A few weeks ago, a young boy was knocked dead by a speeding vehicle as he crossed the Kampala- Masaka road in search of water, near Kyengera town. The commodity had become extremely scarce in most parts of the city. Shortly after, residents of the area gathered around the victim passionately voicing outrage and threatening to demonstrate violently if the government did unplug the cotton in its ears and construct humps on this spot that has claimed many a life, to tame motorists’ speed.
The blatant truth from this unfortunate incident is that this boy lost his life partly due to inefficiencies that come along with government controls on water and road networks. In Uganda, water is controlled by the National Water and Sewerage Corporation (NWSC) and the Directorate of Water Development (DWD), all public enterprises under the government. NWSC is a parastatal utility entirely owned by the Ugandan Government and established with a mandate to "operate and provide water and sewerage services in areas entrusted to it, on a sound, commercial and viable basis". DWD on the other hand is under the Ministry of Water, Lands and Environment, formed after a government restructuring process. It is the lead agency for water and sanitation mandated to manage and develop water resources.
All these public enterprises are clustered in the urban areas only and are not efficient. Out of a total of 150 urban centers, 15 towns are under the jurisdiction of NWSC while 141 small towns and local governments are under DWD. The urban population is only 15% of the entire country's population while the larger 85% are languishing in villages with acute shortage of water. Besides, the requirements for one to access this water are too many for the common citizen in the outskirts and slums of Kampala.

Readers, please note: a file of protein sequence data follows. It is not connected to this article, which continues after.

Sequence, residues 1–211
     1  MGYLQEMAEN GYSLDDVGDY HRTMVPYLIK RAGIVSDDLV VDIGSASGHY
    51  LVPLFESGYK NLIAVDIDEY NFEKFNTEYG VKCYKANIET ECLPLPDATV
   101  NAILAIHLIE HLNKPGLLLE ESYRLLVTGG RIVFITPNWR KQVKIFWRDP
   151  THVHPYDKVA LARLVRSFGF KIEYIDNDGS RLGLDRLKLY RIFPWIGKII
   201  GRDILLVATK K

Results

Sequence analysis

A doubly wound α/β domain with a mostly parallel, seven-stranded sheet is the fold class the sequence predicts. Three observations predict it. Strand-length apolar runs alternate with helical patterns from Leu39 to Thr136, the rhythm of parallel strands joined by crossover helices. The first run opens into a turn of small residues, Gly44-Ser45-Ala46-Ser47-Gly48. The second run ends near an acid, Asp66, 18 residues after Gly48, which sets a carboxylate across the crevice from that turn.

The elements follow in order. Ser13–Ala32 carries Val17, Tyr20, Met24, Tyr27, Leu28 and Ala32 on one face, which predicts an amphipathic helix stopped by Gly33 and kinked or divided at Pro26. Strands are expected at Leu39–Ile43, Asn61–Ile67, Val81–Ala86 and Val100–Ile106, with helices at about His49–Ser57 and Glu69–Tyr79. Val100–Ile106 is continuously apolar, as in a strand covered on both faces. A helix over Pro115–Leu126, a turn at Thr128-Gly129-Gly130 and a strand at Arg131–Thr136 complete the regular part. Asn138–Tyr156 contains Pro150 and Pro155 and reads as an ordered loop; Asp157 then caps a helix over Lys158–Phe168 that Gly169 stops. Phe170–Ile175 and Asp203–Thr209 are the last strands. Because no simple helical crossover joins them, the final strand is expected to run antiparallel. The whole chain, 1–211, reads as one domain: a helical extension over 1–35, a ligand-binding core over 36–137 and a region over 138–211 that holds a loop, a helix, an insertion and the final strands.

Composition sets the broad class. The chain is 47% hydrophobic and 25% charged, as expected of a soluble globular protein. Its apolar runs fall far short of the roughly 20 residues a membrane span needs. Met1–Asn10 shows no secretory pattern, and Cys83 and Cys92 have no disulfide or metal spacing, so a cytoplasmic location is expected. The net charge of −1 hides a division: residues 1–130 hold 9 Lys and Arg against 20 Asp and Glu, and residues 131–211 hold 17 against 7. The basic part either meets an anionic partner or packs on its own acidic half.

The poor roads speak for themselves. Contracts are awarded to briefcase construction companies on the "I know you" basis. The end result is shoddy work and roads that last a few months and crumble under the weight of vehicles.
Douglas Shaw in his classic blueprint for change Privatization for Prosperity clearly says what Africa needs is “a new generation of heroic leaders who will refuse to be satisfied with the hopeless task of making the government a better manager, but instead initiate the process of returning each government department to its rightful place in the private sector-to the benefit of every citizen”.
Radical as Shaw’s statement may sound; it holds a lot of water. Most people believe that certain entities in the public sector cannot survive in private hands; it seems unthinkable to privatize services that have previously been run as public entities. Privatization is the optimum way to run an economy because it produces growth that improves the incomes of the poor. No government can better the lives of a section of people without worsening the conditions of others elsewhere. As Lawrence Reed in Seven Principles of a Sound Public Policy puts it, the government has nothing to give anybody except what it first takes from somebody, and a government that is big enough to give you everything you want is big enough to take away everything you’ve got.